6. A glimpse at metric spaces 21
This equivalence relation partitions the set R[t] into equivalence classes; the
situation is strikingly similar to modular arithmetic. Given a polynomial p(t), we
use the division algorithm to write p(t) = q(t)(1 +
+ r(t), where the remainder
r has degree at most one. Thus r(t) = a + bt for some a,b, and this r is the
unique ﬁrst-degree polynomial equivalent to p. In the case of modular arithmetic
we used the remainder upon division by the modulus; here we use the remainder
upon division by
Exercise 1.31. Verify the transitivity property of equivalence modulo I.
Standard notation in algebra writes R[t]/(1 +
for the set of equivalence
classes. We can add and multiply in R[t]/(1 +
As usual, the sum (or product)
of equivalence classes P and Q is deﬁned to be the equivalence class of the sum
p + q (or the product pq) of members; the result is independent of the choice. An
equivalence class then can be identiﬁed with a polynomial a + bt, and the sum and
product of equivalence classes satisﬁes (15) and (16). In this setting we deﬁne C
as the collection of equivalence classes with this natural sum and product:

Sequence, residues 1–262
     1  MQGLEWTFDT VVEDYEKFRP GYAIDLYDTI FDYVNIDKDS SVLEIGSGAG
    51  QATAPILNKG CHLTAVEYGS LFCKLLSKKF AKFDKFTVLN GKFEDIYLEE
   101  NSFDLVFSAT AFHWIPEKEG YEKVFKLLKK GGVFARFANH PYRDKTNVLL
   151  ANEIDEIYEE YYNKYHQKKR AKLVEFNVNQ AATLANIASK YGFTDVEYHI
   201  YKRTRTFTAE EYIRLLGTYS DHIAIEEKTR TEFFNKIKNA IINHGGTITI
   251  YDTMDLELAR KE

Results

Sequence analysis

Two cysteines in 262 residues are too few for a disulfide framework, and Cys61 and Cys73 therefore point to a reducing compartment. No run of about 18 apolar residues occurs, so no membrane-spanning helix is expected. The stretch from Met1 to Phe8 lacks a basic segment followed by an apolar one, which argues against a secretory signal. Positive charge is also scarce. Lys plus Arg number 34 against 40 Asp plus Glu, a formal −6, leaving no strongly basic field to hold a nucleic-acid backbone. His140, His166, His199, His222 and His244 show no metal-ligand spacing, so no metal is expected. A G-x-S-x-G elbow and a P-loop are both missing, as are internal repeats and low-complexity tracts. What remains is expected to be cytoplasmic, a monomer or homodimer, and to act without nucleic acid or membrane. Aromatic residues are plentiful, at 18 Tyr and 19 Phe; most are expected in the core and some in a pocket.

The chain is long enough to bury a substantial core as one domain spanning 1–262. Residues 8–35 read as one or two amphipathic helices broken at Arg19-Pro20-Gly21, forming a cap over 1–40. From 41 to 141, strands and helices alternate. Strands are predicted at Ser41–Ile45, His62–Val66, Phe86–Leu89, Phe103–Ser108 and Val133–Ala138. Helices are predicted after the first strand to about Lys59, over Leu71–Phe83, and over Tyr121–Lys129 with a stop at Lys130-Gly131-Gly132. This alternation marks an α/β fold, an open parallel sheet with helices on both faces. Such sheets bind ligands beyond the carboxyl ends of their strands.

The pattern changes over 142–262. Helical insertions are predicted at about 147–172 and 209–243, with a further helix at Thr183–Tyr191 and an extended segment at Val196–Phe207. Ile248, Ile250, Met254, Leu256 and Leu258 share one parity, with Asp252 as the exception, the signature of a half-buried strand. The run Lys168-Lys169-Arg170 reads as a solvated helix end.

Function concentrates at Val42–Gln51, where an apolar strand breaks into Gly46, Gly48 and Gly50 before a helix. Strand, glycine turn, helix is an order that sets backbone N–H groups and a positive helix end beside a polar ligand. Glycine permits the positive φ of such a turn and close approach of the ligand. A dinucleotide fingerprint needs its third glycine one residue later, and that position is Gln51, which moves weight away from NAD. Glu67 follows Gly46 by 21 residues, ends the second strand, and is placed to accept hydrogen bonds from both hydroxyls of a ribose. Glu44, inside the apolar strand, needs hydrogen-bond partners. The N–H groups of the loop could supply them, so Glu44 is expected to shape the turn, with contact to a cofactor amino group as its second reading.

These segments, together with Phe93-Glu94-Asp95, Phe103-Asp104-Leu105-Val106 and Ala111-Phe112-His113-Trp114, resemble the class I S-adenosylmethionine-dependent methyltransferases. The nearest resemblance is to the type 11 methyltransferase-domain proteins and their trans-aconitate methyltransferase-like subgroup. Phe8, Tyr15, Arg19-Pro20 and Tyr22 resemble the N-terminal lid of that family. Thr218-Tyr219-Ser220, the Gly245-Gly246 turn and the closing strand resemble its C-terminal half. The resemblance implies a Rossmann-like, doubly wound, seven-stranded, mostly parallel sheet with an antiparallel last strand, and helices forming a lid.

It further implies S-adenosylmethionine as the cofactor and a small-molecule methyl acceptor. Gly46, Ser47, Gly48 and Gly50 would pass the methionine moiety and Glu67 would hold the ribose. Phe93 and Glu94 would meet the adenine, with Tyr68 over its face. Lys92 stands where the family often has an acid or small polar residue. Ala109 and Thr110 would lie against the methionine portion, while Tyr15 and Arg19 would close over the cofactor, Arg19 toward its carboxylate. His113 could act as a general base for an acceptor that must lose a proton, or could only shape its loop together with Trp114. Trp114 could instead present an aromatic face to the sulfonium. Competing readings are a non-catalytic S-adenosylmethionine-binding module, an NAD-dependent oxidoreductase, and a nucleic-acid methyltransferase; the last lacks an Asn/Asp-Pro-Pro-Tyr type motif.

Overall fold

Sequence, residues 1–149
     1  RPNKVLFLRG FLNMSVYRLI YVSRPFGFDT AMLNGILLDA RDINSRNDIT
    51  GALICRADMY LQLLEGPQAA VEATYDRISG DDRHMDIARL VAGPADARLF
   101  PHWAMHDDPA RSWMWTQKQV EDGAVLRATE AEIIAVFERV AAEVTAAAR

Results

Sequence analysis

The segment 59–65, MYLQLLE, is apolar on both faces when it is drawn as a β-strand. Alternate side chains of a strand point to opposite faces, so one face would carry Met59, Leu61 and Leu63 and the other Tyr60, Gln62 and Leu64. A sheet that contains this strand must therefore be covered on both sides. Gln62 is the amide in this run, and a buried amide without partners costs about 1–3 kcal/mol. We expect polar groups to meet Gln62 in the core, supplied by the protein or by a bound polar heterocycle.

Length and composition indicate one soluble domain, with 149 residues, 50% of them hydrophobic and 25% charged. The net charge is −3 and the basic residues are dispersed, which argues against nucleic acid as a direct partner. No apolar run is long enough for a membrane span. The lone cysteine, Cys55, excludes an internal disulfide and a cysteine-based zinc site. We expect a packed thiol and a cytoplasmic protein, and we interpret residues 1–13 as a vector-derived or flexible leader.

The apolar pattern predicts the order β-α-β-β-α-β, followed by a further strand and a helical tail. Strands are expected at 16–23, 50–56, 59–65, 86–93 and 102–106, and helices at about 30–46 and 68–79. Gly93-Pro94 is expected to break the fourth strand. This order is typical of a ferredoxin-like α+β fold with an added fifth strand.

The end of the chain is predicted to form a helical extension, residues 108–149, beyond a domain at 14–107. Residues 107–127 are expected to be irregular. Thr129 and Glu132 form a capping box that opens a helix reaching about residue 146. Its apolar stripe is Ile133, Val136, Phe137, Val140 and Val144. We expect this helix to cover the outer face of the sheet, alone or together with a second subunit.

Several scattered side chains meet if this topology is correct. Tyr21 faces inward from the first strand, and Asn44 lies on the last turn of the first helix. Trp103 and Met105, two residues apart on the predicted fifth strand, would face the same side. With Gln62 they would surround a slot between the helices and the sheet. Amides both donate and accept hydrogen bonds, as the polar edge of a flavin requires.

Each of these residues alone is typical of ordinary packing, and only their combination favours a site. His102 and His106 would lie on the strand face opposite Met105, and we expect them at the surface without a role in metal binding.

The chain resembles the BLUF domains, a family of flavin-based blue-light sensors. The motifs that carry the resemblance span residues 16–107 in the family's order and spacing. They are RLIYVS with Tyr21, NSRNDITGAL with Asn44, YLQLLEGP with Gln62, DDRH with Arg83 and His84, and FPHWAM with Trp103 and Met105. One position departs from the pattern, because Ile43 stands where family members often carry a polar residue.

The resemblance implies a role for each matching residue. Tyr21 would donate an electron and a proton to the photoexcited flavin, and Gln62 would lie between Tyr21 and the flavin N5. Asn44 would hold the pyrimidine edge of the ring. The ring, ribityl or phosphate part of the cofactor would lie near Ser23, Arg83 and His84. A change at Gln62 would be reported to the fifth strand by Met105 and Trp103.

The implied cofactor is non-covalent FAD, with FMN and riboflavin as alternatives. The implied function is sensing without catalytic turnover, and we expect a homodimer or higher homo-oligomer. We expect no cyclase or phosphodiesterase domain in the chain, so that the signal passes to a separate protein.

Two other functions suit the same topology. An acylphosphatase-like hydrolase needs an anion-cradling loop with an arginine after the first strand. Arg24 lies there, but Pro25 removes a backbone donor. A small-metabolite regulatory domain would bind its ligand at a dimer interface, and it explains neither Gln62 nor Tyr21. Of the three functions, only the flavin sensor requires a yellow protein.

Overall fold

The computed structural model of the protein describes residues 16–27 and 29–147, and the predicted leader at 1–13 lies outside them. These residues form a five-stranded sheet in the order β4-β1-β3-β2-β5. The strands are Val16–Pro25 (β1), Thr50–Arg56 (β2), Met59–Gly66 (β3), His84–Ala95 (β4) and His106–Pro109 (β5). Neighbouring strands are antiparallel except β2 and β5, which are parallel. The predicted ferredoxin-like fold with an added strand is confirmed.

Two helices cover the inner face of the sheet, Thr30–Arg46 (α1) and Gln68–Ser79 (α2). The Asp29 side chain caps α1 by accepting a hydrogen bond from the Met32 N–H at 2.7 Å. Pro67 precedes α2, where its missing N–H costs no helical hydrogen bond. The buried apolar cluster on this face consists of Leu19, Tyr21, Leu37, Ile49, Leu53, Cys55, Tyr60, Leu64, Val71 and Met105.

(25) C = R[t]/(1 +
Deﬁnition (25) allows us to set t2 = -1 whenever we encounter a term of
degree at least two. The irreducibility of t2 + 1 matters. If we form R[t]/(p(t)) for
a reducible polynomial p, then the resulting object will not be a ﬁeld. The reason
is precisely parallel to the situation with modular arithmetic. If we consider Z/(n),
then we get a ﬁeld (written Fn) if and only if n is prime.
Exercise 1.32. Show that R[t]/(t3 + 1) is not a ﬁeld.
Exercise 1.33. A polynomial
cktk in R[t] is equivalent to precisely one
polynomial of the form A + Bt in the quotient space. What is A + Bt in terms of
the coeﬃcients ck?
Exercise 1.34. Prove the division algorithm in R[t]. In other words, given
polynomials p and g, with g not the zero polynomial, show that one can write
p = qg + r where either r = 0 or the degree of r is less than the degree of g. Show
that q and r are uniquely determined by p and g.
Exercise 1.35. For any polynomial p and any x0, show that there is a polyno-
mial q such that p(x) = (x - x0)q(x) + p(x0).
6. A glimpse at metric spaces
Both the real number system and the complex number system provide intuition for
the general notion of a metric space. This section can be omitted without impacting
the logical development, but it should appeal to some readers.
Deﬁnition 6.1. Let X be a set. A distance function on X is a function δ : X×X →
R such that the following hold:
1) δ(x,y) ≥ 0 for all x,y ∈ X (distances are nonnegative).
2) δ(x,y) = 0 if and only if x = y (distinct points have positive distance between
them; a point has 0 distance to itself).